A company registered under the Companies Act has to maintain certain prescribed registers and records. Non-compliance of record-keeping invites penal action against the company and its directors.
Important Registers and Records
In order to ensure timely and systematic compliance with statutory and other requirements, an incorporated company should maintain the following records, registers and stationery:
Register of members
This register contains the details of members such as name, address, occupation, date on which he/she becomes a shareholder of the company, the number of shares held by each member and the amount paid or payable for the shares.
Register of Directors
This register contains the details of the company directors, managing directors, secretaries, etc. including their, name, father's name, address, nationality, occupation, date of birth, etc.
Register of Contract
This register contains the details of all contracts entered into by the company in which its directors are interested.
Register of Directors Shareholding
This register contains information such as the number of shares held by directors in the company, in the company's subsidiary or holding companies, etc.
Register of Charges
This register contains the details of charges on the company's movable and immovable properties. Details such as the date of creation or modification of charge, amount of charge, short description of the property charged, etc. must be recorded in this register.
Minutes of Meetings - Boards of Directors and Members
The decision-making process in a company is facilitated through meetings of the Boards of Directors and its members. The minutes of directors' and members' meetings should be recorded and signed by the Chairman of Meetings from time to time.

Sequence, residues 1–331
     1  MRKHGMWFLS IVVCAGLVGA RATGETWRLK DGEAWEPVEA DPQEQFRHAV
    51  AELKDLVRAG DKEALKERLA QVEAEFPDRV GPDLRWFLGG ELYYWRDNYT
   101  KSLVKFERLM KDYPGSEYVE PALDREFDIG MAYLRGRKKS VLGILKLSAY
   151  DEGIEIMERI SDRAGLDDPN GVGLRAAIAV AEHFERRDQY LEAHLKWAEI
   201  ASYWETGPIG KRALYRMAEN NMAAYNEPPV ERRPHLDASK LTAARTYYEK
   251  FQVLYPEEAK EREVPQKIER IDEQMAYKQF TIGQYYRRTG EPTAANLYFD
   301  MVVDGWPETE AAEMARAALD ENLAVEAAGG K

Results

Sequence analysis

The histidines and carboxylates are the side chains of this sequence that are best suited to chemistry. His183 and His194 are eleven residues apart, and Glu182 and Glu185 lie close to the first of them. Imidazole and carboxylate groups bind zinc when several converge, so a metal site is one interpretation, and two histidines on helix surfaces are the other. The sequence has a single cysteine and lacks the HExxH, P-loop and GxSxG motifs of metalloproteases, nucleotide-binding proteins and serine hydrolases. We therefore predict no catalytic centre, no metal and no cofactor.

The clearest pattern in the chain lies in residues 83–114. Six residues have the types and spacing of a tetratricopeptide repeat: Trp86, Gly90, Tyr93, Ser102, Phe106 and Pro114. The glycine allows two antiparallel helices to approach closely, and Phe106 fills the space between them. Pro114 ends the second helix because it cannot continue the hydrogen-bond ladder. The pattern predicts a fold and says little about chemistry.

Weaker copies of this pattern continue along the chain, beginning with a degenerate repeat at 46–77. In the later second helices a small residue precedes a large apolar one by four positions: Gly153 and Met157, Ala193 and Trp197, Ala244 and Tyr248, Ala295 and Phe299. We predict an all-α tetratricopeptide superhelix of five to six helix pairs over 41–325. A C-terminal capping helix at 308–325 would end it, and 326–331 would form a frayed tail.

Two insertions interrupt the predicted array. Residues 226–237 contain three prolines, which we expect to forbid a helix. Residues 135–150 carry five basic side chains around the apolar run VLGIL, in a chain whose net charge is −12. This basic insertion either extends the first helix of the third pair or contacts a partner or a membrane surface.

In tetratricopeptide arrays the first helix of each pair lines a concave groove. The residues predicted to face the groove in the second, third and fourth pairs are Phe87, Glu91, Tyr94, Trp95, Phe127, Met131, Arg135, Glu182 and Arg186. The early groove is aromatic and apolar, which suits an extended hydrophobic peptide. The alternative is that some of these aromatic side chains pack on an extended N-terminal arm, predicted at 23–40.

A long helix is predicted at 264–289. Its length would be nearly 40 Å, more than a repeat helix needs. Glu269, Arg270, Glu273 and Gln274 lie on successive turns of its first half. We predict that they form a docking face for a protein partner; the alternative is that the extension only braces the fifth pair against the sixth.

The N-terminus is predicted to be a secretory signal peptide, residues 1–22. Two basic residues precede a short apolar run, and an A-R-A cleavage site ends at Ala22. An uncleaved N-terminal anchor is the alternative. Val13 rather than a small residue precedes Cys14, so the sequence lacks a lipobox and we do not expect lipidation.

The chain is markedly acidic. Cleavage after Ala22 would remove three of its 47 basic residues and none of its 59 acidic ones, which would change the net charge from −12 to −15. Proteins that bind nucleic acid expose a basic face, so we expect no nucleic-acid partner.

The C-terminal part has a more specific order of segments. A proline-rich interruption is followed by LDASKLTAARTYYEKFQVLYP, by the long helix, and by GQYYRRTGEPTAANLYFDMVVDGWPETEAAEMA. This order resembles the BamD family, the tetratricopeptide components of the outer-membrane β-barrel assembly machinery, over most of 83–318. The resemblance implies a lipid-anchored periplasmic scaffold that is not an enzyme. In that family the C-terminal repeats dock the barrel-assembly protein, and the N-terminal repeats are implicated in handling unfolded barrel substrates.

A share certificate is documentary proof of shareholding in a company. The company issues share certificates to subscribers of the Memorandum of Association upon receipt of subscription money as agreed in the Memorandum.
Moreover, if a company issues additional shares, it is required to issue share certificates to the shareholder in accordance with every new allotment. The company will, within two months of allotment of shares, have to deliver the share certificate to shareholders.
Share certificates should be issued under the authority of a Board resolution and should be signed by at least two directors and an authorized signatory with the common seal of the company affixed on the certificate. Stamp duty as prescribed by the respective state's stamp duty rules has to be paid for the share certificates.
Under Companies Act, 2013, Common Seal is optional for a Company. The Company can choose to have a common seal or not.
A common seal is the designated official seal used by the company to validate actions/transactions made in the name of the company. The common seal should be used under the authority of the Board of Directors and its use must be witnessed by directors as stipulated in the Articles of Association of the company. The common seal is used to validate the Share certificates issued by the company and Contracts and deeds executed by the company.